Image: Cat MacRae

When we arrived at Ndabushi we were met by the indomitable Dr Michelle Henley, co-founder, director and principal researcher of Elephants Alive! Once we had settled into our lovely cottages and the sun had set, Michelle took some time to share with us what her ongoing research is all about. She also introduced us to her charming team, some of whom we will get to know a little more over the coming days as we are invited to join them tracking radio collared elephants in the nearby reserves. We also gained some insight into the creative ways this amazing group of people are using to mitigate human-elephant conflict like using bees. Check out their website for more info. All this awesomeness was followed by a delicious dinner in the boma under the stars… and just like that our first day on expedition came to an end. I fell asleep listening to the scuffling sounds of my little mouse friend in the thatch roof and the bats pinging their way across the night sky. Bliss…

Up early next morning with sounds of the hyena not too far from camp and the noisy francolin in camp. A good cup of strong, black coffee, vehicles packed and off we went. We headed north towards Ba-Phalaborwa where we were due to meet Lewyn Maefala, the project manager for ‘The Bush Babies Environmental Education Programme’. Lewyn is a sunny, vivacious character who introduced us to a group of learners she works with at Maseke Primary School. We had such a rewarding morning with these kids! We also got to see Bella in action, another passionate conservation educator. Her flow learning techniques were fun and inspiring.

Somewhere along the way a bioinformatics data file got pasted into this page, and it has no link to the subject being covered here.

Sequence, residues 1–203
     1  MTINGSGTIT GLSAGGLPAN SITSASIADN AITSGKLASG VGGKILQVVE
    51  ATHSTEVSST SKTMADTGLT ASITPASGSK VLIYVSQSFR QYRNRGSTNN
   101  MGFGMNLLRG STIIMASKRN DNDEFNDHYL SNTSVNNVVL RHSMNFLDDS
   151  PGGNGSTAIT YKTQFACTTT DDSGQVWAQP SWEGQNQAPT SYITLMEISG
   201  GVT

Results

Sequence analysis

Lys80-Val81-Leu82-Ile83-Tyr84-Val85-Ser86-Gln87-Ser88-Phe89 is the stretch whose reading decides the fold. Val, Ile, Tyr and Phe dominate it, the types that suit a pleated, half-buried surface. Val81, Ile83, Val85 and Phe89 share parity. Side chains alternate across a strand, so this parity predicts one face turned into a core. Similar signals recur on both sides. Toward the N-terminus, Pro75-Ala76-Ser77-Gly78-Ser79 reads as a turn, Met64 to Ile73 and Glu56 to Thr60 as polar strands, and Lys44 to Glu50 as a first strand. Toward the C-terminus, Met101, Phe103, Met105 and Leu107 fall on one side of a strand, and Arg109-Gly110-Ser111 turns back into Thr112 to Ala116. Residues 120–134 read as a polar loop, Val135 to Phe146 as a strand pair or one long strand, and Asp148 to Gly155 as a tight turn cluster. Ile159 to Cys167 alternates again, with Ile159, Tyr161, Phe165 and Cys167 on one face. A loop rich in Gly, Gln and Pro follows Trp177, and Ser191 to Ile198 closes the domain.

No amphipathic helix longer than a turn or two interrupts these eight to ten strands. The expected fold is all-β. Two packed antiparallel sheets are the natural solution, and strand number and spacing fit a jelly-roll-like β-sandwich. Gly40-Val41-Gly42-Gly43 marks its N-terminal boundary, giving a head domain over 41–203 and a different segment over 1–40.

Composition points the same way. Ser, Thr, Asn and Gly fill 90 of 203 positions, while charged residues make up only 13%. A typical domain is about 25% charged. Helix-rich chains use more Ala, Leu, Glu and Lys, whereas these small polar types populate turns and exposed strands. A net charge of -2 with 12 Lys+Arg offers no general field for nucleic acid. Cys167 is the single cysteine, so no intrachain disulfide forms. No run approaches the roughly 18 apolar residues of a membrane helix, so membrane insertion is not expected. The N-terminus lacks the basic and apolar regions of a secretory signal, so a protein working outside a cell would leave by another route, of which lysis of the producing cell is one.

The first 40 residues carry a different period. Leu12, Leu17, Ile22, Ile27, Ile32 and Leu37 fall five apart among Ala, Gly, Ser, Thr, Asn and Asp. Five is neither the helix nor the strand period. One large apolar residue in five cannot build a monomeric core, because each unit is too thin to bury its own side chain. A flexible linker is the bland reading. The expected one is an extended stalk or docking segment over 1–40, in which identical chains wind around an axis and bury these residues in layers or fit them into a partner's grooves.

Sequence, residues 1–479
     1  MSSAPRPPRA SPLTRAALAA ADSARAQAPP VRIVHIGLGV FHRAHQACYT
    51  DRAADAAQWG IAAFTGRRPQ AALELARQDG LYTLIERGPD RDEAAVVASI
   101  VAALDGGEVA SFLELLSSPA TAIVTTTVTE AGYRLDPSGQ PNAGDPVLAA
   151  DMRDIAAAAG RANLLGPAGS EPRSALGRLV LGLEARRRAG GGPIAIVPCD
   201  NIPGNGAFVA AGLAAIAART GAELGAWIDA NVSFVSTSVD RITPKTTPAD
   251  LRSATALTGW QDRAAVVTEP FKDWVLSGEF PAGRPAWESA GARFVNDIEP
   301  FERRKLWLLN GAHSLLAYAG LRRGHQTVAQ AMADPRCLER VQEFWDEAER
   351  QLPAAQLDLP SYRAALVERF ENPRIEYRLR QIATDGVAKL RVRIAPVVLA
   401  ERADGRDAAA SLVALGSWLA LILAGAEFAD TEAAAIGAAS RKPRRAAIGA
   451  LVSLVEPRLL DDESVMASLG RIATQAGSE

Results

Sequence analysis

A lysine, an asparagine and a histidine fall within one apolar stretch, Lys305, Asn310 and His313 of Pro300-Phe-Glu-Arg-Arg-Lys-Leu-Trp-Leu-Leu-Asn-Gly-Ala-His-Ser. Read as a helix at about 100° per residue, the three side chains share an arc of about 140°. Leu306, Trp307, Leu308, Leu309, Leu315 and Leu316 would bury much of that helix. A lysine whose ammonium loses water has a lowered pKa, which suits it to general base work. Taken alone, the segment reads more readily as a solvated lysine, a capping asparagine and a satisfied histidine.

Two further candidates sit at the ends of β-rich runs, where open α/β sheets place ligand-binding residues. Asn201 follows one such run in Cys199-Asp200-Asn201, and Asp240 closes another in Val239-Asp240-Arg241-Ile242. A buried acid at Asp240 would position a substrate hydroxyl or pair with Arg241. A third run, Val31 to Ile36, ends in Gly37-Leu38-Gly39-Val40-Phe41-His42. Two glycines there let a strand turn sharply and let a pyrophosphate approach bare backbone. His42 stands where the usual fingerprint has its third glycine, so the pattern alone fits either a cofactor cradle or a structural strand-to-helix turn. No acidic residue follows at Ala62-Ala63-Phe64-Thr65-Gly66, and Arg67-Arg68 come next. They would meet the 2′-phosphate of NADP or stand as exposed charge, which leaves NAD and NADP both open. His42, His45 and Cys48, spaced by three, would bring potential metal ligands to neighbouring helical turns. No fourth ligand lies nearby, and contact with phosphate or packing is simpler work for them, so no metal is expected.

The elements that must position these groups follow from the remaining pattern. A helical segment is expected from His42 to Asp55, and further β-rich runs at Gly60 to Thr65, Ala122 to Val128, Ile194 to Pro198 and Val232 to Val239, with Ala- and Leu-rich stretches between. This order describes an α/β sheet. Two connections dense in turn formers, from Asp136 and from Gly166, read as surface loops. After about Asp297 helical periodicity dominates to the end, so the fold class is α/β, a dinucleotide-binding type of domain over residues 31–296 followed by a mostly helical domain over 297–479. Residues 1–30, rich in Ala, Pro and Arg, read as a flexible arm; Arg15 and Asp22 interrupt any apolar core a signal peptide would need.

Image: Carla Geyser

We left there buzzing. Time to get back on the road. We headed back to Hoedspruit with a quick stop at the Elephants Alive offices at Mica Village for some honey tasting and great stories from Robin Cook, Elephants Alive researcher. Tummies were grumbling by now so we found the Wild Dogz burger bar in Hoedspruit for some yummy lunch. Even our meal had a conservation focus as these guys give money from their burger business to African Wild Dog conservation in Kruger National Park. Next on the agenda was a little shopping for supplies before heading to our next stop in Balule Nature Reserve.

We arrived at the Transfrontier Africa Camp in time to soak up some bush sights and sounds and great views out to the east across Kruger. I spent the afternoon enjoying the sunshine and watching the birds. A gorgeous group of White Helmet Shrikes chattered around me for ages closely followed by a shiny Scimitarbill.

That night we got to meet the charismatic Craig Spencer, founder of the mostly female Black Mamba anti-poaching unit. He is a truly unique character and his take on community upliftment is truly insightful. We then got to meet a couple of the Black Mambas. It was a real honour to spend a little time with them as they shared their stories with us.

Another perfect African day. This time drifting to sleep to the lions roaring and the hyena calling. Cat and I shared a room that night but we were not destined for the perfect sleep as what seemed like an army of cute, little mice scampered around the room and across us in bed presumably in search of tasty treats. Alas, we did not provide but their search was persistent so we were wakeful.

Image: Carla Geyser